Rail-mad Japanese marry aboard Tokyo commuter train
Often overflowing with passengers, the famous Yamanote Line makes way for a special event.
Do you have a dream location to exchange wedding vows with your beloved? A romantic beach, place of worship, or maybe a Las Vegas chapel?
How about one of the world's busiest commuter trains?
That's what a Japanese couple did recently when they took the plunge aboard the Yamanote Line, a loop railway that carries more than 3 million passengers around central Tokyo every day.
Like a mechanical artery pumping humanity through the Japanese capital, the 29-station Yamanote can be so packed that passengers can't move an inch.
But that didn't bother newlyweds Nobuhiko Suzuki, 27, and Sayaka Tsuchiya, 28, because they were lucky enough to get their own train, courtesy of East Japan Railway.
The operator held a contest to organize a wedding aboard the Yamanote, which is celebrating the 50th year of its distinctive lime-green livery. While the line itself was launched in 1903, the loop was only completed in 1925.
The couple was chosen because of their story. When they were dating, they would meet aboard car No. 6 on Yamanote services while commuting to work at Shinbashi Station.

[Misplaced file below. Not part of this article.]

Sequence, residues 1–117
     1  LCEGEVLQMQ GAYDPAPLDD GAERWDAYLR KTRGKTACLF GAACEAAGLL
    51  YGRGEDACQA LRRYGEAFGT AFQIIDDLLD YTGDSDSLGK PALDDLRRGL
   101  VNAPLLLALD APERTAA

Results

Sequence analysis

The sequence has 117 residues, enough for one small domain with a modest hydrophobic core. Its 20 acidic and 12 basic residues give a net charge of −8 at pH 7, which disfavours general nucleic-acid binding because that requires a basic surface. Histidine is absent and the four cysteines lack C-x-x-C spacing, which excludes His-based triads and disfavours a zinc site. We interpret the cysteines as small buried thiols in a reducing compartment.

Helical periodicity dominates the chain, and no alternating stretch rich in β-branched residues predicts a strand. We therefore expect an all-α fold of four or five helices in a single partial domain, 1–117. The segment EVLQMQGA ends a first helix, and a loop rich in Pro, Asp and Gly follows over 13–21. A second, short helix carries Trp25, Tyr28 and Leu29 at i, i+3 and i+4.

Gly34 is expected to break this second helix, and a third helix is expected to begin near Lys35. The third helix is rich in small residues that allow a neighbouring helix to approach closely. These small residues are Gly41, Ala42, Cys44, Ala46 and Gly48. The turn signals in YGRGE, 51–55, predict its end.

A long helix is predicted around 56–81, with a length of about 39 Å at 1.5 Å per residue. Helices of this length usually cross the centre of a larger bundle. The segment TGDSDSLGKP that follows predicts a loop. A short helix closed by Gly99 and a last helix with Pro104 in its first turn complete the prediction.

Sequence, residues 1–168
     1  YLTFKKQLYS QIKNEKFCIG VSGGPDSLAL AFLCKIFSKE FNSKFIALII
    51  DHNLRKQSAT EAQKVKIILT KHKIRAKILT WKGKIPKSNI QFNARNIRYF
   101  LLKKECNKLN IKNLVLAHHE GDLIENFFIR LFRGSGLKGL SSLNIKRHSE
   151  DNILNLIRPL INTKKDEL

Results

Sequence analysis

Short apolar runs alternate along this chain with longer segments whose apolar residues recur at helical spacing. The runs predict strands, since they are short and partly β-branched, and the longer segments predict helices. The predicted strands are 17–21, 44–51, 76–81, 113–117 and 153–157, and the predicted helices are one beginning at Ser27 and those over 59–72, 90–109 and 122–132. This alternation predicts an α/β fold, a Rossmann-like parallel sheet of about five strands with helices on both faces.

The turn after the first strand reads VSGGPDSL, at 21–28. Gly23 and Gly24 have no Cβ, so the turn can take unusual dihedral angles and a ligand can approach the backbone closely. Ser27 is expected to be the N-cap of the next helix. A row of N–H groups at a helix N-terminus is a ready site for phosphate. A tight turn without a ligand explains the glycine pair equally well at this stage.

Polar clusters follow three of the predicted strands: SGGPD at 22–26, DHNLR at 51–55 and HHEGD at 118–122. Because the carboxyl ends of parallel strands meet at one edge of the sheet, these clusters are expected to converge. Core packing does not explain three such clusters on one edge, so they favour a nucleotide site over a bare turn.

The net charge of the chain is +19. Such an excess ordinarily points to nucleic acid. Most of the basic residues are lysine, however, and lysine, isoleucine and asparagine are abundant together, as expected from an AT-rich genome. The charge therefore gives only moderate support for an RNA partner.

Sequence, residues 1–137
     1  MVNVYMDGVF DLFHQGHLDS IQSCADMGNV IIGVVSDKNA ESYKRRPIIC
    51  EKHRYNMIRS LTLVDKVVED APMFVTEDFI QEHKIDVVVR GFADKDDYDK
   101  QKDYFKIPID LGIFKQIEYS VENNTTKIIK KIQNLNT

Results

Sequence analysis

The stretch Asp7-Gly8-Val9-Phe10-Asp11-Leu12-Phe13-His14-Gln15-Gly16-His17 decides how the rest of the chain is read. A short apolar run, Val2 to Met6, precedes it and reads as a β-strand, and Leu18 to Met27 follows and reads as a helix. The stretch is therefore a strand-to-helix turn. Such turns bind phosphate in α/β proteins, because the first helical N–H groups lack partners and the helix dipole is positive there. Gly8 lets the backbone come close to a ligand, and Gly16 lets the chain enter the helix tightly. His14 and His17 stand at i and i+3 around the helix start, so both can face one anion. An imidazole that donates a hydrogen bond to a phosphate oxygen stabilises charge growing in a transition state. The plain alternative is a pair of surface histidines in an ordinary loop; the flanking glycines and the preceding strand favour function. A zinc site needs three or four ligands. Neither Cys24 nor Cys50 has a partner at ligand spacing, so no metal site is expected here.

Their nuptials were held in car No. 6 of the chartered train in the presence of 150 applauding guests.
"I want to cherish the bonds with the family and friends that we have confirmed during the preparations," Suzuki was quoted as saying by Kyodo News.
Departing from Ikebukuro Station for a loop around the capital, the train was decorated with photos of the happy couple while video screens above the doors played a reenactment of the marriage proposal.
Wedding ceremonies have been held on trains before in Japan, but this was the first time the venerable Yamanote hosted such an event.
The loop line goes to the most important hubs in the capital, including Tokyo Station, Ueno, Shinjuku, and Shibuya. Tickets cost less than $2, making it one of the best options for getting around.
The special all-green Yamanote will continue to snake its way around Tokyo to mark the anniversary.